For Agnes, working on her art and making it visible to the world is a way of silently and nonviolently expressing her anger and emotions at the current situation in Lebanon.

“It’s just showing the world that we can express ourselves in different ways. We can paint instead of shout, or write stupid songs about politicians, or go fight or stab people and make problems.”

Both Haydar and Young have been working on pieces throughout the protests — and both are trying to tell stories through their work.

“I’ve been doing some artwork myself,” Haydar explained, adding, “and even though I don’t want to capitalize on this moment, I want to go down and be on the street. … How can you not want to [respond] to this? So what I’m doing is collecting bits and [pieces], like remnants of the protests and the people who were there, and trying to find out who the humans are behind this protest, because when it’s a massive protest with so many people, you just see it as one big cloud. One big wave of energy. But when everybody leaves, you see the little memories and the identities everywhere [that were] left on the street.”

One of Young’s pieces depicts the tents in Martyrs’ Square with the statue, mosque, church and “Egg” (a local theater that has become a venue for artists during the protest movements) in the background. Young said this painting holds a lot of significance to him.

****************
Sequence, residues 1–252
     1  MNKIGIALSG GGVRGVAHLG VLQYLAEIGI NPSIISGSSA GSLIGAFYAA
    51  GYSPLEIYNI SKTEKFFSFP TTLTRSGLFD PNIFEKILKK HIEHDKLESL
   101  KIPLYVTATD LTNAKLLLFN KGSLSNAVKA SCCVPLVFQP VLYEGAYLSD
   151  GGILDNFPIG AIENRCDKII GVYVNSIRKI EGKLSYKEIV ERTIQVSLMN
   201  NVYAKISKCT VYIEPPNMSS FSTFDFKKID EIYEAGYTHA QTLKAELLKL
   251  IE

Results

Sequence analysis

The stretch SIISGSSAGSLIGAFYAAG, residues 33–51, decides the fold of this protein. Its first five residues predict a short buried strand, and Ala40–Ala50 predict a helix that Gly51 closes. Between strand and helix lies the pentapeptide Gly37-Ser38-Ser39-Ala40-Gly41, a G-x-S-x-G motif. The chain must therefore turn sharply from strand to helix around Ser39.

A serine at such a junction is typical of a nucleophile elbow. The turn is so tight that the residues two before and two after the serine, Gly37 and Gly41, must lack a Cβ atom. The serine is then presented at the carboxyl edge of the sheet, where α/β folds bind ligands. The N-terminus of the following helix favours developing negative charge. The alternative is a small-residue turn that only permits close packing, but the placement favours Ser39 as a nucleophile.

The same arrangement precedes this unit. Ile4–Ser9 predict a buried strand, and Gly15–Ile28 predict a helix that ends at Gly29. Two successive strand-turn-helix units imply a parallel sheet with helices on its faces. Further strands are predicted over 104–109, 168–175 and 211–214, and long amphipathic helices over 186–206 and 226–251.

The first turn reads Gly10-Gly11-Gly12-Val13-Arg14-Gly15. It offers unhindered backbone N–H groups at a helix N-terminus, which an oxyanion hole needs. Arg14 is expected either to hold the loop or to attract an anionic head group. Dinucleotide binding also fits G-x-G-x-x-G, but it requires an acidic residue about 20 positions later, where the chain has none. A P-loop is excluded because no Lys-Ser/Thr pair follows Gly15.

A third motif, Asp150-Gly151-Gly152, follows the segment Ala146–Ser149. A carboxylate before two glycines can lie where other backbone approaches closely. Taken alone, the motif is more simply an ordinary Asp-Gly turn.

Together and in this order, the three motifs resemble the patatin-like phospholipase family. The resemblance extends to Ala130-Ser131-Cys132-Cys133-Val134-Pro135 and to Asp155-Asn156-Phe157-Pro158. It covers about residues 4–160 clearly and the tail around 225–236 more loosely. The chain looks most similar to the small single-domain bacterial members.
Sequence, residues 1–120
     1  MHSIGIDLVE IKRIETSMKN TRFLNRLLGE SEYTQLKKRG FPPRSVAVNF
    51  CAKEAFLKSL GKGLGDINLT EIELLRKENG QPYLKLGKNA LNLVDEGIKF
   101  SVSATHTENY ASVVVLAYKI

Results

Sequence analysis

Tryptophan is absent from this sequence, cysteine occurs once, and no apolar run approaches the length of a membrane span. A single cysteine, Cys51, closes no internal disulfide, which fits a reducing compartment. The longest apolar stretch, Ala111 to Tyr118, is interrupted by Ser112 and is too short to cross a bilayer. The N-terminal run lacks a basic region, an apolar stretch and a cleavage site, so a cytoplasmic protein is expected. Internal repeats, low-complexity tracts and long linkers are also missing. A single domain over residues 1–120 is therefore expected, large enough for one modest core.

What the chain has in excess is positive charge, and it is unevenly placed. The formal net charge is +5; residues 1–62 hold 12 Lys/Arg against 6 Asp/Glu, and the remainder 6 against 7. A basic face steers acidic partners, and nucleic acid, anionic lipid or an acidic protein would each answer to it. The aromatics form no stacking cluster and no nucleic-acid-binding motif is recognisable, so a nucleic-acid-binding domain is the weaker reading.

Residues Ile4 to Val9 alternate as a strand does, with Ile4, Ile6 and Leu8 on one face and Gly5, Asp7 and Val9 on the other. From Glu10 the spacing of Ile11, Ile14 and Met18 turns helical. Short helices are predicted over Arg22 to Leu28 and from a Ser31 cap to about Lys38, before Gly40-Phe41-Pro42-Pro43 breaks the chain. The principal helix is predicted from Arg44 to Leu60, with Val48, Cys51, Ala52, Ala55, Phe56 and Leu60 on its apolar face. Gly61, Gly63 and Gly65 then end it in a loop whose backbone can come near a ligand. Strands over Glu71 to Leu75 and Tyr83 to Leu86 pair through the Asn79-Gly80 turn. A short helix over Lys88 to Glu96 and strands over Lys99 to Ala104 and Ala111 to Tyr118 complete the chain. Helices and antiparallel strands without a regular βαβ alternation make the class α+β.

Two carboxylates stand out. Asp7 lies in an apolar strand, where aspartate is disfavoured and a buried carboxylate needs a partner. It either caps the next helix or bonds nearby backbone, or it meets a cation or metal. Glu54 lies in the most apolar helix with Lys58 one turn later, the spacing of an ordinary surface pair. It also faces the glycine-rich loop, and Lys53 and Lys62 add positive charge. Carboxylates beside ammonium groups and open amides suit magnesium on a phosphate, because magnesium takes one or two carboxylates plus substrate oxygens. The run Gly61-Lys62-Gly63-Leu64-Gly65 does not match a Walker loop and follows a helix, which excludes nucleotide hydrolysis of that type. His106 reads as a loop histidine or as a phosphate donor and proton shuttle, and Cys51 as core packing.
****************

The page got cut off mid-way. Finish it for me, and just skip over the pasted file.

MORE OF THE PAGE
“I actually went to the tent encampment to draw sketches, take photographs and meet protesters in the tents to prepare to do this painting. Then, on my way back from Martyrs’ Square, I realized there was a major confrontation going on. So I witnessed that, and I was quite close to the fighting — that was quite scary," Young said.

“Then I saw the Hezbollah gangs basically being sort of funneled by the police back toward Riad el-Solh, and then they seemed to be going toward Martyrs’ Square. I thought, ‘Oh my God, what is going to happen?’ I got a bit scared and I came back home and continued with the painting. Then I switched on the TV and saw that they were destroying and burning everything. So I was literally doing a painting of what had been only an hour before. I felt incredibly sad and incredibly angry that these thugs were destroying what seems and feels like such a beautiful and positive moment. I was filled with extra motivation to try to sort of rebuild it in the painting as my sort of share of solidarity with the protesters,” Young added.

Besides paintings and graffiti, music has also found its niche during the protests. Remixes of chants are being blasted on dozens of speakers in Beirut’s streets, and DJs are performing shows at night that get thousands of people jumping and dancing to the constantly changing beats. According to Haydar, these protests have brought a much-needed spark to reignite the music scene in Lebanon, which had been previously struggling.

“The music scene in Beirut was really suffering,” Haydar said. “But now there is a new wave of music being made and recorded. For example, I can compare it to what happened in Cairo. In Cairo, there was a movement of music that is sort of revolutionary. It was a mixture of techno, electro and shaabi (popular music with Egyptian roots) music, and I saw that there is a similarity to this music in Tripoli. I’ve never seen that before. It’s like the biggest concert ever to exist in Lebanon — and some bands played at the Egg. People are releasing songs on Facebook, so there’s a lot of content and things to be said. I would say the rap scene, the hip-hop scene, will flourish with that.”

Artists continue to add to the growing number of songs and murals that have become a new staple for the protests, and as long as the demonstrations continue, they are likely to continue to grow larger and larger.